This post is a response to this post on the wonderfull Vole O’speed blog…
I like the critique of the Times campaign and I agree with most of your points. However, this post contains some incorrect notions regarding cycle training that I want to clarify.
“the Government is paying for lots of cycle training, so that’s all right then, isn’t it? Training for cyclists is what government wants to pay for when it doesn’t wish to challenge the basic hierarchy on the roads,”
Er… no it isn’t. A typical allocation for Cycle Training (CT) in a London borough is below £100000 and typically must pay for the cycling officer as well as administrative overhead. It it true that there is no stomach in government to challenge the status quo but that is not because of the pittance spent on training. There should be much more spent on training AND changes to the roads to favor cycling. The issue is about funding levels.
“Moreover, the cycle training that we use in this country, Bikeablity, concentrates on the development of an assertive riding style designed to minimise risks to the cyclist in a car-dominated cycling environment, that is quite irrelevant to cycling as it is practised in the bike-dominated cycling environments of the Netherlands and Denmark. “
As it happens, the Dutch are rather good at assertive cycling. I recently trained a 12 year old dutch boy who had moved to London. He has a really assertive riding style and had no problem taking on Old St roundabout and other similarly “hairy” junctions near his new school. I asked him where he learned to ride like that and he said that is how you have to ride in Holland where there are no cycle paths… Their great infrastructure gets them cycling young so I guess they develop the skills independently but to suggest these skills are “irrelevant” to Dutch or Danish cyclists is just wrong.
“It cannot be part of the long term solution to cycling, as the majority of the population will never have any interest in riding assertively (which really implies “fast” as well), in the way that Bikeablity seeks to teach them.”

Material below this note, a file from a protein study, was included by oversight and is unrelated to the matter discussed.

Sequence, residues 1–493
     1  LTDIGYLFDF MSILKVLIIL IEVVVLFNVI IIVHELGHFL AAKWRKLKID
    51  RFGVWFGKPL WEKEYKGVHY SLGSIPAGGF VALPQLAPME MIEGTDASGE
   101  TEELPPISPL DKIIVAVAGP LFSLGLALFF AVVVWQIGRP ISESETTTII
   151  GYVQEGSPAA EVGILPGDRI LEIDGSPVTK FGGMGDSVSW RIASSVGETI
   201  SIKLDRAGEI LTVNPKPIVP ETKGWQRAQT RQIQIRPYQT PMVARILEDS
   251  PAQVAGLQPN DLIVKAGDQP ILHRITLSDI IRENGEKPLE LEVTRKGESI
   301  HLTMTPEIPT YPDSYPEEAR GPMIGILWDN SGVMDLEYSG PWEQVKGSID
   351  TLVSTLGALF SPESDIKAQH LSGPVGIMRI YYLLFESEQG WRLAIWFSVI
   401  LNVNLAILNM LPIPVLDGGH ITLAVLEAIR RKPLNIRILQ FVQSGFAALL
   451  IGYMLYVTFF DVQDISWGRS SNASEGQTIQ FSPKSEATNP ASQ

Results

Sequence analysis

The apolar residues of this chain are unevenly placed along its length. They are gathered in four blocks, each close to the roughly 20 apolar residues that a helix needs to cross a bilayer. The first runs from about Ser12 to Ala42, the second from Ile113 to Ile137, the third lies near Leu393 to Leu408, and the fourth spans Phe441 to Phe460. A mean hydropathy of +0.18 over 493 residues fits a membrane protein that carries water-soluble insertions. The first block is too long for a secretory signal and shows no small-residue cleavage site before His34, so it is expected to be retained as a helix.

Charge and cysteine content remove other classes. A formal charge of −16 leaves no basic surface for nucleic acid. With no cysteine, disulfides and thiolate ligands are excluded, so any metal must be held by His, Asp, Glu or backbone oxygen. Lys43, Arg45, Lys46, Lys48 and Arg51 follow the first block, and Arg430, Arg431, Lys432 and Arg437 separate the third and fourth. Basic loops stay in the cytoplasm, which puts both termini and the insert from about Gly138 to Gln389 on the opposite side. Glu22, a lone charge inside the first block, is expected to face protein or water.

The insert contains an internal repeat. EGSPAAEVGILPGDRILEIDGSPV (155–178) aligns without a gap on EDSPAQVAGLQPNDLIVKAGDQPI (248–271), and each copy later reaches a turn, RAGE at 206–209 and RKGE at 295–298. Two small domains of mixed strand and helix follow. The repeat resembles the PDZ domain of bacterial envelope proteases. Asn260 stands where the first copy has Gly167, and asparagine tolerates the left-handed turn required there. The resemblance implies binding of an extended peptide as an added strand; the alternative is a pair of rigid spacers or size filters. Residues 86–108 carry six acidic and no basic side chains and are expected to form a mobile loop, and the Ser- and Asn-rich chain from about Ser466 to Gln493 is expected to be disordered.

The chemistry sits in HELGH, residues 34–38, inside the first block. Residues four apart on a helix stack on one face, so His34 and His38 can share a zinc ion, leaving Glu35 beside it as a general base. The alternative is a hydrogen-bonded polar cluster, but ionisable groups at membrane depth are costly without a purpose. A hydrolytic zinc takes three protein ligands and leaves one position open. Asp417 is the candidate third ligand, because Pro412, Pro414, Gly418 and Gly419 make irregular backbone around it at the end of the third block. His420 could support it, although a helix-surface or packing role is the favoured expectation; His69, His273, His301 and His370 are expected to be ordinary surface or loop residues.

To say that assertive equals fast is just wrong. That is not how the Bikeability syllabus is taught if it’s being done right. Going faster can help but it’s not necessary. I train lots of “slow” riders and they like their newfound assertive stylings! It is quite common for people with no direct experience of training to reduce it to “Primary Position” and “going fast” but that does it a great disservice. About two thirds of cycling casualties happen without the involvement of another vehicle… CT looks at that as well as MANY other aspects of the riders practice. My experience is that even very knowledgeable riders get something from training despite not expecting to. That was the case with me…
“ The other problem with Bikeability is that it can be regarded by its proponents (such as some of those working in the largely state-funded industry that delivers it) as the correct way to cycle, rather than as what it is, a stop-gap mitigating.”
No one is making a good living delivering cycle training David…. People do it because it calls to them. Giving someone else the freedom of the road that we take for granted, is an honor. There are only a handful of us in London and yet at every demo or action pushing for better infrastructure we are there in force, often as organizers or marshals. Pitching us as some sort of government stooges with a finantial interest in the status quo, is factually wrong and does us a great disservice. When I began work as a cycle trainer, a much more experienced colleague told me, “look mate, if we are successful then there will be no need for cycle training”. He was being ironic but the point is that we know it’s not something to do instead of building a network of lanes but right now it is helping people who want to ride to do so safely.
“Dutch cyclists do not need to assert themselves in front of streams of hostile traffic.”
Oh yes they do…. But not as much as us. The fact that so many more ride there has to help too.
“Cities fit for Cycling, not Cyclists fit for Cities. It has taken a long, long time for this realisation to become mainstream in the UK. A watershed has been passed.”
I certainly hope so. The need to change the road network to unlock that mass of non riders is clear to me but I do not see CT as being an obstacle. We make new riders… The cost of the infrastructure changes needed are several orders of magnitude greater than even the most generous CT budgets. CT is not consuming budget that could be spent on lanes. The money for cycle lanes is there in the roads budget. It’s just a matter of allocation/priorities.
David, it is clear to me that you have either not tried training or been exposed to some very poor practice. I propose offering you a free session. CTUK run good training in your borough or I would be happy to organize a session for you. At the very least it will be a chance for us to talk about Brent/Barnet things… You may even learn something new…. I did.